There is no doubt about it Irish controversies have a distinctly Irish flavour to them. Where else would you find it necessary for a slew of cabinet ministers to suggest to the officer in charge of the countries organisation charged with preserving the civil peace An Garda Síochána to act with civility.
Of course Commissioner Callinan should apologise for his ‘disgusting’ remark and of course the performance of minister Shatter was deplorable.
To cut out the crap and obfuscation the plain facts of the matter are that the Minister for Justice and the Garda Commissioner have been engaged in verbal warfare with two sets of responsible people who were acting legally and according to their consciences.
Somebody bugged GSOC and we can take it for granted that he, she or it was not for example acting on behalf of the Ballyfermot Boys’ Brass Band. Neither did the two whistle blowers put a foot wrong. But both GSOC and the whistle blowers were blagarded because they had the temerity to do what they were supposed to do, – act responsibly.
The police should serve the people, not the other way around.
My father, who was the first Deputy Commissioner of the Gardaí, died when I was twelve so I cannot claim to have known him very well but I have an abiding memory of him telling me one day that one of the greatest achievements of this State was the setting up of an unarmed acceptable police force in the middle of a civil war.
I believe he was right and that there are many things about the Gardaí about which both the force and the public can be proud but the recent bout of bullying outrage at the notion that accountability is a word that applies to all of us, even those in uniform, is literally Shattering.
All organisations, be it the Church, political parties, an army or civil service, need to be overhauled from time to time and in recent decades, probably from ‘blue flu’ days onward there have been signs that the Garda could benefit from some outside searchlights being shone on the workings of the force.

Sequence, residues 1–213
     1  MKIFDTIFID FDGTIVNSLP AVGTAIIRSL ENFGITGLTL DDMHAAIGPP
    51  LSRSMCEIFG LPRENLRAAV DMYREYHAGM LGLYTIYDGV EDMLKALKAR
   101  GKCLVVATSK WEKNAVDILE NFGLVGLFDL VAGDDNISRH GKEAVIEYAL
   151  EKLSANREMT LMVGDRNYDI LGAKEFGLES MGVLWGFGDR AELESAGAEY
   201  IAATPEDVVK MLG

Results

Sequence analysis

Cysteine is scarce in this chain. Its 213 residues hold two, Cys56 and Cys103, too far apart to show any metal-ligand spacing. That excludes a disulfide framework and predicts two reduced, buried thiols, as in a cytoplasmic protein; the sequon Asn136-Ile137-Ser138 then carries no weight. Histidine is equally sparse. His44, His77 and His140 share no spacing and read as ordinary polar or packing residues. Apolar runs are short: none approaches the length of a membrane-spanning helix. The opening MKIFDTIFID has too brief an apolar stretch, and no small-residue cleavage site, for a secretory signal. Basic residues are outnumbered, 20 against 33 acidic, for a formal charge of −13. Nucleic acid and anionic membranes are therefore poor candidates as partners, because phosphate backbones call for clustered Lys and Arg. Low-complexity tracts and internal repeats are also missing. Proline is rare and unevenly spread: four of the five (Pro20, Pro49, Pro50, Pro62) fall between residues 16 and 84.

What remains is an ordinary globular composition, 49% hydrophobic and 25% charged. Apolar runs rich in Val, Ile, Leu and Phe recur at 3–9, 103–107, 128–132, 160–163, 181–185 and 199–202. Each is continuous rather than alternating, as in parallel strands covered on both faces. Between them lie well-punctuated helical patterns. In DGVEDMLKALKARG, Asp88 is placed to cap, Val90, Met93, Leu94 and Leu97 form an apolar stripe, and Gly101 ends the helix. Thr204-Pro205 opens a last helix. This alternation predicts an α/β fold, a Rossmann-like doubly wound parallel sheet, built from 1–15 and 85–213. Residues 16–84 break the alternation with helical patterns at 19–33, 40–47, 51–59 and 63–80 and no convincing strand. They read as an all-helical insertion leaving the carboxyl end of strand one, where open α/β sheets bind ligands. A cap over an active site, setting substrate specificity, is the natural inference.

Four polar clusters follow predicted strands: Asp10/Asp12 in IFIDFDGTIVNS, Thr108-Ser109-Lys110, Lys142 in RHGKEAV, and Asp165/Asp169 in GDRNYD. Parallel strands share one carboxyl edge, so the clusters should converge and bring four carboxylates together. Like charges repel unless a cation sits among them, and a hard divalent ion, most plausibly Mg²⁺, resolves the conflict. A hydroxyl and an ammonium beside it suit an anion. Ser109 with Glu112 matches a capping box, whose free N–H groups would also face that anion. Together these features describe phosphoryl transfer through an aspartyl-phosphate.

To give but one example involving myself, I think that the garda inspectorate’s suggestion that there may be laxity in the serving of summonses may be only too well founded.
In veighing one day against the fact that I had been, as I considered, unjustly served with a parking ticket, I was ‘reassured’ by a garda acquaintance of mine that I needn’t worry, he’d see to it that the summons was torn up. A summons mark you not a parking ticket.
He showed me a satchel of summonses and said ‘that’s my job. I’ll probably be throwing out a rake of these.’ He told me that he didn’t believe in wasting his time getting, ‘a pain in the face’ trudging up through flats only to be fobbed off by ‘some auld one who’ll tell me that she doesn’t know where yer man is or when he’ll be back or if he’ll be back’.
I shunned his infamous offer of course but I’ve often wondered how come that man superiors didn’t check on what summonses found their marks and what not.
I won’t go back over cases which have been in the news in recent times where had bench warrants been served or greater garda diligence been deployed, people might not have been at liberty to take life, or to lose it. But one strange talking point that I came across in Donegal puts even the events described in the Morris Tribunal in the shade. The rumours began after one Jimmy Curran disappeared from the Dungloe district in July of 2003 and were fanned into fresh life in January of 2005 when Sean Duffy was found dead in his home in the same general area.
He had died from stab wounds, a bolt from a cross bow and there was an axe wound in the back of his head. No one was ever charged with his murder but it was rumoured that he had been talking about a pending court case against him, making threats that if he went down others would follow.
Jimmy Curran’s body was never discovered and the rumours allege that he may have been struck by a garda car, and his corpse disposed of with the help of Duffy who was said to have engaged in a variety of activities ranging from horse dealing, undertaking to garda informant.
All of these rumours could be totally unfounded but I found them to be strongly believed in the Donegal area and obviously it would both quieten gossip and allay public anxiety if the Republic did possess an independent police authority which could investigate the affair and issue its findings publically.
The PSNI benefitted and continues to benefit from the reform process initiated by Chris Patten. The current spate of calls for a police authority along the lines of that which functions in Northern Ireland is however only a partial answer. If that were grafted on to the present police landscape all we would get would be a further spate of GSOC type rows. A public airing of the problems of the Gardaí performed in courageous and responsible fashion, like Chris Patten’s inquiry would clear the air for both police and public and provide a climate in which a police authority could not merely be set up but operate efficiently.